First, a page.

President Bush and some of his die-hard conservative allies are headed for a rare disagreement over his proposal to spend $15 billion to combat the global spread of AIDS, mainly in Africa.
The bill, set for a House vote Thursday, would encourage not only abstinence and fidelity but also the use of condoms -- thus provoking opposition from some who have been among his staunchest political supporters.
As he ardently urged support for the initiative Tuesday, Bush demonstrated a willingness to start exploiting his postwar popularity to get his way with Congress -- a likely harbinger of his approach on other key priorities, including his tax cut plan.
The House vote also will test Bush’s ability to advance his “compassionate conservative” agenda through a skeptical Congress.
The AIDS measure is likely to pass by a sizable margin -- if, as expected, supporters defeat attempts to limit condom distribution.
Few oppose the goal of trying to contain the AIDS pandemic in some of the world’s most severely afflicted countries. Even many antiabortion lawmakers are going along with Bush’s proposal to provide funding to organizations that traditionally support abortion and family planning as long as they do not use the AIDS money to promote such programs.
The proposal to spend $15 billion over five years would be the largest expenditure of U.S. funds to date in response to the AIDS crisis. Most of it will go to programs sponsored by the U.S. Agency for International Development, the Department of Health and Human Services, nongovernmental organizations, faith-based groups and governments in the affected nations.
At what amounted to a White House pep rally for the plan Tuesday, the president called combating AIDS “a moral imperative” and described the disease as “a threat to stability of entire countries and of regions of our world.”
He asked Congress to send him legislation by Memorial Day.
Bush unveiled his global initiative against acquired immune deficiency syndrome in his Jan. 28 State of the Union address. It targets areas around the world hit particularly hard by the human immunodeficiency virus: 12 sub-Saharan nations in Africa (Botswana, Ivory Coast, Ethiopia, Kenya, Mozambique, Namibia, Nigeria, Rwanda, South Africa, Tanzania, Uganda and Zambia), the Caribbean nation of Haiti and the South American nation of Guyana.
The plan, which would support the distribution of life-prolonging antiretroviral drugs, could prevent 7 million new HIV infections, treat at least 2 million infected people and provide humane care for millions more, according to the White House.
“This is a terrible disease, but it is not a hopeless disease,” Bush said as he praised Uganda’s anti-AIDS efforts, which emphasize the so-called ABC approach (abstinence, being faithful and condoms.)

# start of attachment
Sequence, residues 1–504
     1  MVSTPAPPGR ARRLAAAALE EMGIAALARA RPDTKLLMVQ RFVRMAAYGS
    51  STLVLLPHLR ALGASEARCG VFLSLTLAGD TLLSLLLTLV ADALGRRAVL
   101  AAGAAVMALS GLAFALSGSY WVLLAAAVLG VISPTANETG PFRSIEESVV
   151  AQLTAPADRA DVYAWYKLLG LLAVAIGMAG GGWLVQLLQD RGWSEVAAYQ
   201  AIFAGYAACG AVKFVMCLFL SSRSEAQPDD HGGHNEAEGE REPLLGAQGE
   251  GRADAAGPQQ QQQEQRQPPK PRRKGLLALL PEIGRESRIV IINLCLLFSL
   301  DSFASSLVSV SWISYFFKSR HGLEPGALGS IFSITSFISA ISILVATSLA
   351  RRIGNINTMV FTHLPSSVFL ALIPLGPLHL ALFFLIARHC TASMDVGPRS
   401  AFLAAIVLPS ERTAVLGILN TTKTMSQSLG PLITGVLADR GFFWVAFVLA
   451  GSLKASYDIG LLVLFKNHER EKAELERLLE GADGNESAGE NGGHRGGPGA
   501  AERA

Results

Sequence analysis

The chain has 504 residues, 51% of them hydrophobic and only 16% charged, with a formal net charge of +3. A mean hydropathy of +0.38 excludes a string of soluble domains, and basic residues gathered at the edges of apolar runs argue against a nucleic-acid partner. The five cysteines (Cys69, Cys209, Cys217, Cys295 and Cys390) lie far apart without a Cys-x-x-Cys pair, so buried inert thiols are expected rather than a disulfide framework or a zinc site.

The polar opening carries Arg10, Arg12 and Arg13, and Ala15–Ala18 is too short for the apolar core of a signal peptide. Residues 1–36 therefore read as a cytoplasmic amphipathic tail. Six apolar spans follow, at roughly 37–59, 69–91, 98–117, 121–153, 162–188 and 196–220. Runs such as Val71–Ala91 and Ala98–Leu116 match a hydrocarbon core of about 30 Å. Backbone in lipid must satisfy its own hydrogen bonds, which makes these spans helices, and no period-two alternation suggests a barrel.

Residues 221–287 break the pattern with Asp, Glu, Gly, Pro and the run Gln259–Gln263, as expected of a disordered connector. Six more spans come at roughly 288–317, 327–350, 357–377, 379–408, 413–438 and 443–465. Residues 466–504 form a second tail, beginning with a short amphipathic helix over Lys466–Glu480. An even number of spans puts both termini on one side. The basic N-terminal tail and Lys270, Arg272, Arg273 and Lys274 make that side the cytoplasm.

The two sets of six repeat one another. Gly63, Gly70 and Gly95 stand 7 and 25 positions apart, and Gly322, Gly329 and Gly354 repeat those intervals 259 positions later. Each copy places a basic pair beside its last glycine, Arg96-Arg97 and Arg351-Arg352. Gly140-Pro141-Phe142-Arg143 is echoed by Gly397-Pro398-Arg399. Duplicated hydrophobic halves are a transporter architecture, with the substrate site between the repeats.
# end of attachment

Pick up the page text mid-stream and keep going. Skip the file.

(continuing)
AIDS activists hailed Bush’s renewed commitment.
“The president is demonstrating very good, solid leadership on this issue. It’s absolutely essential and required and is very much appreciated,” said Kate Carr, president of the Elizabeth Glaser Pediatric AIDS Foundation.
A number of antiabortion lawmakers, such as Sen. Norm Coleman (R-Minn.) and Rep. Christopher H. Smith (R-N.J.), are backing the bill, despite reservations about providing funds to organizations that support abortion.
“The bottom line is, we’re going to do it,” Coleman said Tuesday as he left the White House.
Some GOP lawmakers want to give abstinence a more prominent role in preventing HIV transmission. Others, opposed to the emphasis on condoms, want to grant waivers to groups that do not advocate their use. But the White House and its allies believe they have the votes in the House to defeat such proposed amendments.
“Many of us have real concerns about the lack of abstinence [education] in the bill. Abstinence in Africa has been proven to work,” said House Majority Leader Tom DeLay (R-Texas). But he did not say he would try to scuttle the bill.
Rep. Joseph R. Pitts (R-Pa.) plans to offer an amendment to require that at least one-third of the funding for AIDS prevention be spent on abstinence education. But some conservative Republicans ordinarily inclined to side with Pitts are likely to oppose his amendment because they believe it is a potential “poison pill” that could sink the bill.
In a statement made after Bush’s remarks at the White House, Pitts expressed his concern that nongovernmental organizations will not always abide by the stipulation that money provided for AIDS prevention not be used to promote abortions or family planning.
“What happens when President Bush leaves office -- when someone who may not share his commitment to what works takes office?” Pitts asked.
At the White House, spokesman Ari Fleischer said there will be checks in place to ensure that organizations do not commingle AIDS funds with money allocated for other purposes.
“There’s a series of mechanisms in place, and that deals with the transparency of these organizations,” he said. “They will not be able to do business with the government unless we were satisfied they had transparency in place to know about their use of funds.”
Democrats saw the bill as a rare example of bipartisanship in the GOP-dominated House.
The measure was crafted by Rep. Henry J. Hyde (R-Ill.), chairman of the House International Relations Committee, and Rep. Tom Lantos of San Mateo, the committee’s top Democrat. It cleared 37 to 8 with support from all Democrats and all but eight of the Republicans.
Lantos said Democrats would be united behind the bill when it comes to the floor, and predicted that the House would support it by a ratio of 3 to 1.
After the expected House passage, the Senate will consider the bill. Assuming it is passed there, lawmakers from both houses will meet to reconcile any differences. Senate Majority Leader Bill Frist (R-Tenn.), a physician, has said the legislation is one of his top priorities.
Times staff writer Janet Hook contributed to this report.